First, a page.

Ventricular Arrhythmias in Trials of Thrombolytic Therapy for Acute Myocardial Infarction A Meta-Analysis

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Abstract

Background

Although thrombolytic therapy reduces long-term mortality in acute myocardial infarction, many clinicians remain concerned about an increased risk of ventricular arrhythmias associated with the use of these agents.

Methods and Results

To determine whether thrombolytic therapy increases the risk of ventricular tachyarrhythmias and whether an increase in arrhythmias could be responsible for the increased mortality seen in the first 24 hours after lytic therapy, we performed a meta-analysis of 15 randomized trials of thrombolysis in acute myocardial infarction in which the odds of developing in-hospital ventricular fibrillation (VF) and ventricular tachycardia (VT) in patients receiving thrombolysis was compared with that of patients receiving placebo. For trials that reported the incidence ofVF during the first 6 hours after thrombolysis, the summary odds ratio for developing VF in the thrombolytic group was 0.98 (95% confidence interval [CI1, 0.6 to 1.6; P=.94). For trials that reported the incidence ofVF during the first hospital day, the summary odds ratio for developing VF was 1.00 (95% CI, 0.85 to 1.2; P=.95). The summary odds ratio for the development ofVF at any time during hospitalization in the thrombolytic group was 0.83 (95% CI, 0.76 to 0.90; P<.0001). In trials that reported the incidence of VT any time during hospitalization, the summary odds ratio for the development ofVT in the thromboytic group was 1.34 (95% CI, 1.15 to 1.55; P<.0001).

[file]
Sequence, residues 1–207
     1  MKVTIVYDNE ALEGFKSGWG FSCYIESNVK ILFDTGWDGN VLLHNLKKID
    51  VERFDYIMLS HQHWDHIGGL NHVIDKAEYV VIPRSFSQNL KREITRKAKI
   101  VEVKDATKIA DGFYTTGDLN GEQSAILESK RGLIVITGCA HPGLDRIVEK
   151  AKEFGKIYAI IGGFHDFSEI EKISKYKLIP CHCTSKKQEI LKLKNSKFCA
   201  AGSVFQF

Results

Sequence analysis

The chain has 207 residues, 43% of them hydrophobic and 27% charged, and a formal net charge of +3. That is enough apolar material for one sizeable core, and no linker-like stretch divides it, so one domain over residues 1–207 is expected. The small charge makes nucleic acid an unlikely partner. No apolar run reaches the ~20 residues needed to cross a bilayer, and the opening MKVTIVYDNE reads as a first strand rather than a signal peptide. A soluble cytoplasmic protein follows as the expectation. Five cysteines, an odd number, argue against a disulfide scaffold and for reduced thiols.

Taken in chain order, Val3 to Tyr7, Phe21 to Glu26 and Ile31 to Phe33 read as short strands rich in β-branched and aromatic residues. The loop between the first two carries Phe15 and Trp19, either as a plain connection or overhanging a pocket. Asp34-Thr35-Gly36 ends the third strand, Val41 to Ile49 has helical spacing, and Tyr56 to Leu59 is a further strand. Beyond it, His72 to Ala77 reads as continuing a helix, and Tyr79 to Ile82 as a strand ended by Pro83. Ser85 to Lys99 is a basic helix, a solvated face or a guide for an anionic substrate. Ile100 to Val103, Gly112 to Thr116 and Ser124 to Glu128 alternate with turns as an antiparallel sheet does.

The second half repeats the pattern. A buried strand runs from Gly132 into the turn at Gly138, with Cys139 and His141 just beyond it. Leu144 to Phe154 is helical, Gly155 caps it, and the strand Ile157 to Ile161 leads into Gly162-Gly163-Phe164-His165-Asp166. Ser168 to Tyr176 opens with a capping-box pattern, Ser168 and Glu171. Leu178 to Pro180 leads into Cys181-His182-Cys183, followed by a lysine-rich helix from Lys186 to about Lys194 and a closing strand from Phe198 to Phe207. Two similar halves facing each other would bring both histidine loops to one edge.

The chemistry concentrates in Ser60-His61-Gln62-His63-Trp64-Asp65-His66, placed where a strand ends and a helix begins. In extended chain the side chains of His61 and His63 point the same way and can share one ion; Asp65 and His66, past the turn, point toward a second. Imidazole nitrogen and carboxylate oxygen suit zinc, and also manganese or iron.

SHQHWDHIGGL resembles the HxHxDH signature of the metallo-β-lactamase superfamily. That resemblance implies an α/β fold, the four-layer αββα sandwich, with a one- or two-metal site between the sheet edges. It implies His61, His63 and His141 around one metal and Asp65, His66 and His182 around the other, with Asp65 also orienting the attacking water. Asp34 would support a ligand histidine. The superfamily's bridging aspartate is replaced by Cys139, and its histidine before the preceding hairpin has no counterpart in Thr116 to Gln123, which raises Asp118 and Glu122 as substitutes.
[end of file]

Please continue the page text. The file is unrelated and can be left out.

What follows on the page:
Methods and Results

Conclsions. The likelihood of developing VF in the early hours after thrombolysis for acute myocardial infarction is similar in patients receiving thrombolytics or placebo. However, throughout the hospital course, the risk ofVF is greater in patients receiving placebo, whereas the risk ofVT is higher in patients receiving thrombolysis.

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